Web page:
VARIOUS The Hip Hop Years (Columbia)

This double CD is the companion to Channel 4's recent scholarly three part documentary on the history of hip hop, and, as the sleeve notes state "Instead of a "greatest hits" or "the best of", "The Hip Hop Years" delivers a set of chronological stepping stones that map out the music's development; these are the key tracks that mark its turning points". To an extent "The Hip Hop Years" achieves its remit astonishingly well. Here be stacks of fantastic early tracks that justify inclusion irrespective of genre or allegiance: ground-breaking Sugarhill sides such as Sugarhill Gang's "Rapper's Delight" and Grandmaster Flash & The Furious Five's "The Message" rub steel wheels with Afrika Bambaataa & The Soulsonic Force's Kraftwerk-baiting "Planet Rock", and possibly the compilation's most controversial inclusion, Blondie's "Rapture", an aberration to true b-boys but also arguably America's first #1 rap record. Truckloads of extra points are also earned for the inclusion of a smattering of the soul classics regularly pilfered by hip-hop producers which top and tail both of the CDs, including James Brown's sublime "Give It Up Or Turnit A Loose", Babe Ruth's "The Mexican" and The Jimmy Castor Bunch's "It's Just Begun", a track I've been trying to identify for years since it cropped up on a third-generation tape of an Artlab mix session originally broadcast on Kiss FM at some ungodly hour of the morning. Other tracks that I'm delighted to welcome into my collection include The 45 King's basic but brilliant "The 900 Number" (later rather more famously reconstituted as Chad Jackson's "Hear The Drummer (Get Wicked)" and N.W.A.'s stunning "Express Yourself".

Where "The Hip Hop Years" loses direction somewhat is in the disparity between the tracks raved about in the booklet notes and discussed at length during the series and those that actually make it onto the CD. A hip hop history without a single Public Enemy track? Tragic but true. Run DMC are widely credited with introducing hip hop to a white rock audience with their Aerosmith-approved remake of "Walk This Way", but there's no Run DMC on here. To quote from the booklet notes again, "In 1989 Tone Loc's "Wild Thing" became the second biggest selling US pop single of all time - behind "We Are The World"", but evidently still not important enough for inclusion here. Nothing from the Death Row roster either - no Snoop Doggy Dog, solo Dr Dre or Tupac Shakur - and even The Notorious B.I.G. only gains admission by courtesy of a cameo appearance. Presumably licensing problems are the reason for most of these glaring omissions, but it still results in a historical document that, in filling the empty spaces with the lightweight, although admittedly enjoyable, froth of M.C. Hammer and Will Smith, appears somewhat lopsided. Added to which, the booklet notes are disappointingly sketchy - maybe they want you to buy the companion book instead.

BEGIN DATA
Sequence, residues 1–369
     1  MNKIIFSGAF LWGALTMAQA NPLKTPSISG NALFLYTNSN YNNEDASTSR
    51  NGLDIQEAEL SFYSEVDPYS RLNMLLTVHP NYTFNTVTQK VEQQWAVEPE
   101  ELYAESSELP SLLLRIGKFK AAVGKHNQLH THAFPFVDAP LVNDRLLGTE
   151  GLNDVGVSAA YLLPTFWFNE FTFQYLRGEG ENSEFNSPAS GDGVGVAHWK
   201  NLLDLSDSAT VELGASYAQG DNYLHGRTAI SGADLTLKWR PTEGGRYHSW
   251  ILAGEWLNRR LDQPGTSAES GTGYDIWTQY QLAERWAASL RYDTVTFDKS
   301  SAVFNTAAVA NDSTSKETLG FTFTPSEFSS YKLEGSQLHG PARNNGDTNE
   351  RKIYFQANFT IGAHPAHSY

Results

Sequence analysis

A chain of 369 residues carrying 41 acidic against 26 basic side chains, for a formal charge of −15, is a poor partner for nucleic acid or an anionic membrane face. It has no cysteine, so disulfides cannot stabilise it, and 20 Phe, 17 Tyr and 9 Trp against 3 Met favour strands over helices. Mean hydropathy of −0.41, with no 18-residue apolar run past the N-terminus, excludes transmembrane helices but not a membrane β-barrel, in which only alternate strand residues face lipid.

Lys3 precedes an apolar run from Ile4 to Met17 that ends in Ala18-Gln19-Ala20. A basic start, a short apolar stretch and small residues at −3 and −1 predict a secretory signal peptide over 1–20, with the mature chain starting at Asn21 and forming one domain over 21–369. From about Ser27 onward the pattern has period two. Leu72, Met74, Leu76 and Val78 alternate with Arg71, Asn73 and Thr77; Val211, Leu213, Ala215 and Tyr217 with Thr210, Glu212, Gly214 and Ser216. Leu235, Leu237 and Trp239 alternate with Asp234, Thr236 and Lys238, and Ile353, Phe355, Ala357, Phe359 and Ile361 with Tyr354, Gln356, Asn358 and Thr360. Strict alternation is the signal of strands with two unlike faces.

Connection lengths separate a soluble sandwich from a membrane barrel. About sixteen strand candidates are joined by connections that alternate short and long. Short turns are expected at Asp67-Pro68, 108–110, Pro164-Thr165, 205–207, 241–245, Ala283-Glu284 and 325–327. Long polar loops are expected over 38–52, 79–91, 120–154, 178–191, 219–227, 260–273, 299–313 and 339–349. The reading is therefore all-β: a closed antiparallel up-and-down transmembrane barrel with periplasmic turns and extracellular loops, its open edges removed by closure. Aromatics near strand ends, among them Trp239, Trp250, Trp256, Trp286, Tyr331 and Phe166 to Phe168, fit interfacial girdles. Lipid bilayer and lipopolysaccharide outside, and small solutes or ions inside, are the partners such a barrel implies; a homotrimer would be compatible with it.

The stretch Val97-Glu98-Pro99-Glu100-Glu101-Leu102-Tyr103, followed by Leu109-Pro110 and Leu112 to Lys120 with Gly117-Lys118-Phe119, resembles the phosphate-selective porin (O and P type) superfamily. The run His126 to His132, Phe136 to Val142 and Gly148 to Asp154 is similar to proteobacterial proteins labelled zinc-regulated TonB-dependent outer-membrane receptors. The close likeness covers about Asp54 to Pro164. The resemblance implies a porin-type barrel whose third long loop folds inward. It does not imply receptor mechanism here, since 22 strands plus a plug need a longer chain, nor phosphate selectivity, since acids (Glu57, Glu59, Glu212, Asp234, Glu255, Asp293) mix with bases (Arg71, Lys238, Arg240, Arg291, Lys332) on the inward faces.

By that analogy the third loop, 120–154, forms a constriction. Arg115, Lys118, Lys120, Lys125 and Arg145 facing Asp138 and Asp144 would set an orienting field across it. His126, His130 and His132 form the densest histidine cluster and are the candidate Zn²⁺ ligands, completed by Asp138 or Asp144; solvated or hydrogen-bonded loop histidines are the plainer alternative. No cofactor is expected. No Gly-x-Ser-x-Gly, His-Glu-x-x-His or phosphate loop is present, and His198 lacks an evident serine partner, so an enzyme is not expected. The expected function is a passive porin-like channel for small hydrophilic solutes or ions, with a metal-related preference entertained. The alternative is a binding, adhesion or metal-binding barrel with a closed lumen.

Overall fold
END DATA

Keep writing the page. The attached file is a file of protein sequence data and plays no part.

Despite all these quibbles "The Hip Hop Years" is still the best hip hop starter package I've yet clapped ears on. It at least makes some attempt to place the music in its proper historical and social context, and if your record shelves are as sadly bereft of hip hop as mine are it practically recommends itself.